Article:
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You were doing just fine a while ago. Your performance at work was great, although you were under a lot of stress and you had difficulties to find a balance between your professional and personal life. Suddenly, you found yourself feeling utterly exhausted, disillusioned, unmotivated, and practically helpless.

Congratulations, you’re having a first-hand experience with the burnout syndrome!

This phenomenon was first described in the 1970s. It’s a state characterized by reduced productivity, depersonalization, and exhaustion.

We’re not talking about a simple loss of productivity. We’re referring to the feeling of being insufficient to perform, reduced self-confidence, and an unbearable state of mental, physical, and emotional exhaustion.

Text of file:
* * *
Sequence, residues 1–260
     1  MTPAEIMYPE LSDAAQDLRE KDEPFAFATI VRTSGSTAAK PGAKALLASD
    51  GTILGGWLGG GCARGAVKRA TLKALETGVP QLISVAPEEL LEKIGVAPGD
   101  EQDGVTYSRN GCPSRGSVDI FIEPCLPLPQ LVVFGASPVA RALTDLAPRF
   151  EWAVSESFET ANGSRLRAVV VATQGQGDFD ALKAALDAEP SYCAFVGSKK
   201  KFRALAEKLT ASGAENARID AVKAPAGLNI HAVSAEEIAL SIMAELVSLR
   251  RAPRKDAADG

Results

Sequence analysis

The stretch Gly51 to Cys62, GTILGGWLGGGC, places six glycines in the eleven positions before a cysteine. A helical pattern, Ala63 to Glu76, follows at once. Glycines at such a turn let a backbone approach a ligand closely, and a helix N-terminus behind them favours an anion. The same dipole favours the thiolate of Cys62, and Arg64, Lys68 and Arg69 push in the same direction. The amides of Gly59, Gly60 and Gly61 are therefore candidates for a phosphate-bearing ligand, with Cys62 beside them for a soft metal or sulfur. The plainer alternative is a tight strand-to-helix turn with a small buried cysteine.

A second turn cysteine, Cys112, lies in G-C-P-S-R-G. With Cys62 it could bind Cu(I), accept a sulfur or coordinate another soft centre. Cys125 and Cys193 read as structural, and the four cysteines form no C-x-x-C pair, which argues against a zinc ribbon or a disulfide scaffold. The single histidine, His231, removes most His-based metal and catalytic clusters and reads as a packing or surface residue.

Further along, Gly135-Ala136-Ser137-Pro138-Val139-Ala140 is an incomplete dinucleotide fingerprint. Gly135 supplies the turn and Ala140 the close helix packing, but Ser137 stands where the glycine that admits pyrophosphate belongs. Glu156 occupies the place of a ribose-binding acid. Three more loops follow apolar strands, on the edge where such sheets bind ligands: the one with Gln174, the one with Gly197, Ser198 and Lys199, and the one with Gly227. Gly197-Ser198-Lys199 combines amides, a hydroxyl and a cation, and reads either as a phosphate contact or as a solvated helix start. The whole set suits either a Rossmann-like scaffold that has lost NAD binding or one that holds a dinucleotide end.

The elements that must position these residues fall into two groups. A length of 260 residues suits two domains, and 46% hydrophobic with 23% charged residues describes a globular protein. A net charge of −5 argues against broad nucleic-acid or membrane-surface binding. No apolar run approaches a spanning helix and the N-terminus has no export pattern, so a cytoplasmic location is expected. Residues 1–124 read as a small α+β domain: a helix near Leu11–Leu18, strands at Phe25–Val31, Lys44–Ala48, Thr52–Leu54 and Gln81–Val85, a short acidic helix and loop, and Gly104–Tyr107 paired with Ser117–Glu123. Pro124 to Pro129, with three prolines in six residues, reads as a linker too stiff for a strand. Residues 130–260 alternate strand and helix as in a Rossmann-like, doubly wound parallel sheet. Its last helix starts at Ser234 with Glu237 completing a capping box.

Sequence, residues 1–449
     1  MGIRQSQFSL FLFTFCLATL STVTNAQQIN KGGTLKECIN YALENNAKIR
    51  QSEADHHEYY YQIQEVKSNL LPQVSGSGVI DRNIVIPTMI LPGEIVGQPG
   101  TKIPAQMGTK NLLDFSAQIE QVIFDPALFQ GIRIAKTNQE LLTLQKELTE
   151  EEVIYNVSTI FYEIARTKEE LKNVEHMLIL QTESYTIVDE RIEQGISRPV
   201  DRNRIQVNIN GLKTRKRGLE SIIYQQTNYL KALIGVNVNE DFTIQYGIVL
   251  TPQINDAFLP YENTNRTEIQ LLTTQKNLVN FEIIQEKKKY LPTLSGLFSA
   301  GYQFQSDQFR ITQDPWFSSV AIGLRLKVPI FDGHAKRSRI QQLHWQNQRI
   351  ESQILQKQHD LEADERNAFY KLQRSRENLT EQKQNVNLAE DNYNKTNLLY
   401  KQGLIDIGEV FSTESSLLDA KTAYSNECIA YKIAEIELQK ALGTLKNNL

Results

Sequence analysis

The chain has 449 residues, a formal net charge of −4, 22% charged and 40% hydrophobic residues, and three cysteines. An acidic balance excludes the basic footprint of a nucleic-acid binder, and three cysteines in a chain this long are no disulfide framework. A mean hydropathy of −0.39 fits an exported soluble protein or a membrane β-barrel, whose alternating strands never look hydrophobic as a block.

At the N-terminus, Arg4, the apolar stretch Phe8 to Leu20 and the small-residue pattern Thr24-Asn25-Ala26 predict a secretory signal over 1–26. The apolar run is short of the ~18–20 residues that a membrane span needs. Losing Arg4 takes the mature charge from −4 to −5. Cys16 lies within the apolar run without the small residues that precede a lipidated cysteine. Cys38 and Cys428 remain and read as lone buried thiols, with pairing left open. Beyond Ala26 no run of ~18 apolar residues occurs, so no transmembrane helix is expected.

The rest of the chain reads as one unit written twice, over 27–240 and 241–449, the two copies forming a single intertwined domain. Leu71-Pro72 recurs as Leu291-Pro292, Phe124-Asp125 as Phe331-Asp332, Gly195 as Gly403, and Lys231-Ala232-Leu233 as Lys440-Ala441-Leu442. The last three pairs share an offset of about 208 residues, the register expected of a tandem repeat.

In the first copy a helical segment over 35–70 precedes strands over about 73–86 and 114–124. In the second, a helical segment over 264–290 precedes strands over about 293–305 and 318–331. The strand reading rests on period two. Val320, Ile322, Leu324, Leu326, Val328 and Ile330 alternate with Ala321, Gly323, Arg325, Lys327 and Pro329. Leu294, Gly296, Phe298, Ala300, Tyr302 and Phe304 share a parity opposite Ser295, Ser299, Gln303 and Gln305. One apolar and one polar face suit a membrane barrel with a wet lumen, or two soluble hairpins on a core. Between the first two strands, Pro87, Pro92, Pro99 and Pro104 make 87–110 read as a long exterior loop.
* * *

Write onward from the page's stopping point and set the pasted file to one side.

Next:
The feeling of depersonalization is serious on itself. It’s manifested as an indifferent attitude not only towards work, but towards all other aspects of life as well.

So yes; this is a serious issue. If you feel like you’re on the path towards burnout or you’re already experiencing its symptoms, it’s time to take action before the condition drags you down.

How to Recognize a Burnout

There are few telltale signs that indicate you’re on your way to a burnout:

  • The work gives you no joy at all; you even feel slightly depressed by the mere thought of work.
  • You feel that every workday is a bad day.
  • You’re overwhelmed by the new tasks at work.
  • You feel hopeless when you think about your future in this organization.
  • You experience different physical symptoms of stress, such as shortness of breath, heart palpitations, or even chest pain.
  • You withdraw from social contact. You’re not interested in hanging out with colleagues or friends, and you prefer staying in isolation.